India on Monday joined Botswana in stressing the need for “credible elections” in Zimbabwe, which has been under severe criticism from the international community for the political crisis following the disputable elections of 2008. The issue came up for discussion when Vice-President Hamid Ansari called on Botswana President Seretse Khama Ian Khama.

Briefing journalists after the meeting, Secretary (West) in the External Affairs Ministry Vivek Katju said: “There was agreement that there is need for credible elections. Botswana has been among the bitterest critics of neighbouring Zimbabwe from where illegal migrants are trickling into this country on a regular basis.”

India has, till date, chosen to steer clear of the controversy in Zimbabwe on the plea that it is a domestic issue.

During the on-board briefing last Tuesday soon after he embarked on the week-long three-nation tour of southern Africa that concluded on Monday, Mr. Ansari had said India subscribes to the African Union position. The African Union, after much debate, confined itself to urging the warring political parties of Zimbabwe to negotiate a solution to solve their differences.

During his meeting with the President of Botswana, Mr. Ansari noted that both countries were well-established democracies and the two leaders called for greater participation of women in all areas of national and public life.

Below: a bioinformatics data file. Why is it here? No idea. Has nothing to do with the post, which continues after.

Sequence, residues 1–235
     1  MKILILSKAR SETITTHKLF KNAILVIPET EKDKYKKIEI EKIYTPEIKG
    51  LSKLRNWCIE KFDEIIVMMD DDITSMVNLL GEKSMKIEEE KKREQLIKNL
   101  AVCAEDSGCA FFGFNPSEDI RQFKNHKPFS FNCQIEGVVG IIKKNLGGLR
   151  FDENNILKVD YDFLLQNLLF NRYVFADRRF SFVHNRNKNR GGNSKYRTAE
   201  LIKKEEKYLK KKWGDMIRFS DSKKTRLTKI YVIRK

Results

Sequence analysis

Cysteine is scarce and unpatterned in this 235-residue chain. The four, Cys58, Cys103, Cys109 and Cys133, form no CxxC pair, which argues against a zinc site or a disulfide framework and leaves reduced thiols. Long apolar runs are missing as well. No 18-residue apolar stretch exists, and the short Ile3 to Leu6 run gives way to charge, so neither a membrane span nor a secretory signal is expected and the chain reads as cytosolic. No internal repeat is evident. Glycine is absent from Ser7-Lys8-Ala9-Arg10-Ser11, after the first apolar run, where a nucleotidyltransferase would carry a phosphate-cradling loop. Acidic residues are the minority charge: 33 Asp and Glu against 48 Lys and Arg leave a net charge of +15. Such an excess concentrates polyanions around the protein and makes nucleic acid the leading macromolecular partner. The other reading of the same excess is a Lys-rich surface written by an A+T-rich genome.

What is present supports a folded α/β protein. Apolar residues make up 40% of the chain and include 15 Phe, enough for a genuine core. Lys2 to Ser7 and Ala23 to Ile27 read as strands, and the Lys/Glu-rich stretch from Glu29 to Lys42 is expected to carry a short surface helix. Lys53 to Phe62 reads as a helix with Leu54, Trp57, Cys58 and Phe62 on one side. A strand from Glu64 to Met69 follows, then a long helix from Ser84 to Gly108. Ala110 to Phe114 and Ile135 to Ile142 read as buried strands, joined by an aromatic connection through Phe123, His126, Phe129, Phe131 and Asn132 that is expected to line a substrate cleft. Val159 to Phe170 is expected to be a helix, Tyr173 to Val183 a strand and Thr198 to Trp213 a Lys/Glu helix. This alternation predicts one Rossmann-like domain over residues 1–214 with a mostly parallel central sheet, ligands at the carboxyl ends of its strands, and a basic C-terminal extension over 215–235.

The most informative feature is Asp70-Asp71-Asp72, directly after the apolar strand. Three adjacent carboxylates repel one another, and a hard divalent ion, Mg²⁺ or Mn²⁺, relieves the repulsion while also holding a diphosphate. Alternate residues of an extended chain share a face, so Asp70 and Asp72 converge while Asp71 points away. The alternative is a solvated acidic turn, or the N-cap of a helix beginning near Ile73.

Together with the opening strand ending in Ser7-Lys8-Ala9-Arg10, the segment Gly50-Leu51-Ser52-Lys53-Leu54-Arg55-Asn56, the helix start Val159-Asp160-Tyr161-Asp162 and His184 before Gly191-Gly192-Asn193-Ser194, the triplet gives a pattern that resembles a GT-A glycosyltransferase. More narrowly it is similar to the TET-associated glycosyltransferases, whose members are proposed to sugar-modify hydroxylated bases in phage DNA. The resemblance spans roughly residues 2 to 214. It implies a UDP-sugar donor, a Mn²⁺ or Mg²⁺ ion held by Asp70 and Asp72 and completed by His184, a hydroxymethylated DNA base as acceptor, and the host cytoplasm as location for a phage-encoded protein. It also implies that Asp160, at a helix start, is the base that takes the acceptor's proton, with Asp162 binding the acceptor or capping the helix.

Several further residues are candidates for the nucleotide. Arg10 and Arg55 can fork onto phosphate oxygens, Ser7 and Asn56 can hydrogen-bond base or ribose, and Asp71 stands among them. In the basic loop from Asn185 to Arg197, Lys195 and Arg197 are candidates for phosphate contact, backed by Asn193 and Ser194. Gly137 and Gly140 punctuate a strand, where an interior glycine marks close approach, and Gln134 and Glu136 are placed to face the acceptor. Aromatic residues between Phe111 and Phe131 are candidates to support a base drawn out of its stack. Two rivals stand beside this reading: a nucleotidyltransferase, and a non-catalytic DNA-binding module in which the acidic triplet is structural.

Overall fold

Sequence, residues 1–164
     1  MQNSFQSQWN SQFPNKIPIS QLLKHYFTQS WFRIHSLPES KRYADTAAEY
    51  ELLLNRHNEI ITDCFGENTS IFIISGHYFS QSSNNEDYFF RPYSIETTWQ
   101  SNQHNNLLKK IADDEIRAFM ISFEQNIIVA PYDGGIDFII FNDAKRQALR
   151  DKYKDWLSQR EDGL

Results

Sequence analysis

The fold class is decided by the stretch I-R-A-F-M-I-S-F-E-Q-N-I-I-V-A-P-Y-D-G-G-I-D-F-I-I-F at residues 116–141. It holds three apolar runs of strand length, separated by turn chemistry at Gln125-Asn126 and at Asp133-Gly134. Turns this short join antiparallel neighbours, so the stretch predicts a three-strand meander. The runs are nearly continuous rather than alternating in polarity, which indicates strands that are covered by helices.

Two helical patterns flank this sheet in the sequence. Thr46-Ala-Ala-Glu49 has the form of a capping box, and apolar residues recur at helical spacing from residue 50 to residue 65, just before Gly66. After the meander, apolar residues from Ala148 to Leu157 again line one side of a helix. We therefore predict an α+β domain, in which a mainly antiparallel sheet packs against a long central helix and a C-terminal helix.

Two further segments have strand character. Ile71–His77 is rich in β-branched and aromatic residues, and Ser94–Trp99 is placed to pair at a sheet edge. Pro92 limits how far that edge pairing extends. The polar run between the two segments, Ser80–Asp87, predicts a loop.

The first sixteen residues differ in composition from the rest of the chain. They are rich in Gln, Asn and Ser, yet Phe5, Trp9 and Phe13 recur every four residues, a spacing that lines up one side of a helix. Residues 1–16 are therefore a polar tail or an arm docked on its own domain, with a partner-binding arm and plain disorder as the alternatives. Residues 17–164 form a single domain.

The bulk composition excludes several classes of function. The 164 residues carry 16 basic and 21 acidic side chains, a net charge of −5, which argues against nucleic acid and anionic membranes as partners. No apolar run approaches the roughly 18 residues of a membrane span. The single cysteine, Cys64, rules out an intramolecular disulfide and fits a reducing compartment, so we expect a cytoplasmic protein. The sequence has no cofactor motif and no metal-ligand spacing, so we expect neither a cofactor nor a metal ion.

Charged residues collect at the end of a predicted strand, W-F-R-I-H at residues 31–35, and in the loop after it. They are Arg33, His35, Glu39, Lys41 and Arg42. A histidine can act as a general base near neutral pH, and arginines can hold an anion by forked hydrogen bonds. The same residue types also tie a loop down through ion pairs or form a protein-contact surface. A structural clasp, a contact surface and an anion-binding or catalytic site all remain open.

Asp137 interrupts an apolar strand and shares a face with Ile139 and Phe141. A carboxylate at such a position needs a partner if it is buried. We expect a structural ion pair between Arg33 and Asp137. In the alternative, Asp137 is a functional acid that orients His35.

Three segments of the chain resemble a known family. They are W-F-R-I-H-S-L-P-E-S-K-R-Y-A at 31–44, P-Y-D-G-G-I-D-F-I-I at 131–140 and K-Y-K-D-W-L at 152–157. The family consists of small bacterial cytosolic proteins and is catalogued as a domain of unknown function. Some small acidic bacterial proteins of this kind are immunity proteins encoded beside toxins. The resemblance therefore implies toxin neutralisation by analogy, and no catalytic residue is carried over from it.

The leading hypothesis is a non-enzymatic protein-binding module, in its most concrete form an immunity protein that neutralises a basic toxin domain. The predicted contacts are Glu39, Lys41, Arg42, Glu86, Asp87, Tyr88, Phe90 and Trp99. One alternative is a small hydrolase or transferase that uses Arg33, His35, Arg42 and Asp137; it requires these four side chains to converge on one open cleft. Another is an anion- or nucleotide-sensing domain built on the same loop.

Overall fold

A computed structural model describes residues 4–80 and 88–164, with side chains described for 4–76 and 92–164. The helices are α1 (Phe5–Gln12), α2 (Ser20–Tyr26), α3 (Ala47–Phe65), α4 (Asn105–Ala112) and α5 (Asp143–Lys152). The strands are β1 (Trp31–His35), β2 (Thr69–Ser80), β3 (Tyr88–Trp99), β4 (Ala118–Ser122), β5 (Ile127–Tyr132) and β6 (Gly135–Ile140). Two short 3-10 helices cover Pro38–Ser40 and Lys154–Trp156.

Later, at a reception hosted by the Indian High Commissioner, Mr. Ansari said both countries shared a common and abiding commitment for democracy, rule of law and respect for human rights.

This apart, the two sides discussed terrorism with Lt. Gen. Khama expressing his sympathies for the Mumbai terror attacks.

Mr. Ansari said terrorism was a mindless criminal activity that needed to be combated at all levels — national, regional and international.

Following the discussions, a need was felt for setting up an institutional mechanism to tie all the loose threads in the India-Botswana links. The form and structure of this mechanism will be discussed through diplomatic channels in the coming months, Mr. Katju said.

On Sunday, in the midst of a leisurely visit to the Chobe National Park, where he saw the Garden of Eden, Mr. Ansari informed his host, the Botswana Vice-President Mompati S. Merafhe, that he would try to get Bollywood to come to this part of the world to make their films.

Summing up the three-nation tour of Zambia, Malawi and Botswana, Mr. Katju said this visit served to reaffirm India’s traditional ties with southern Africa and “demonstrates our continuing commitment to nurture a very precious relationship which transcends political and economic links.

“Many ideas have been thrown up and many opportunities have been identified. We will work to concretise these opportunities and give flesh to these ideas.”

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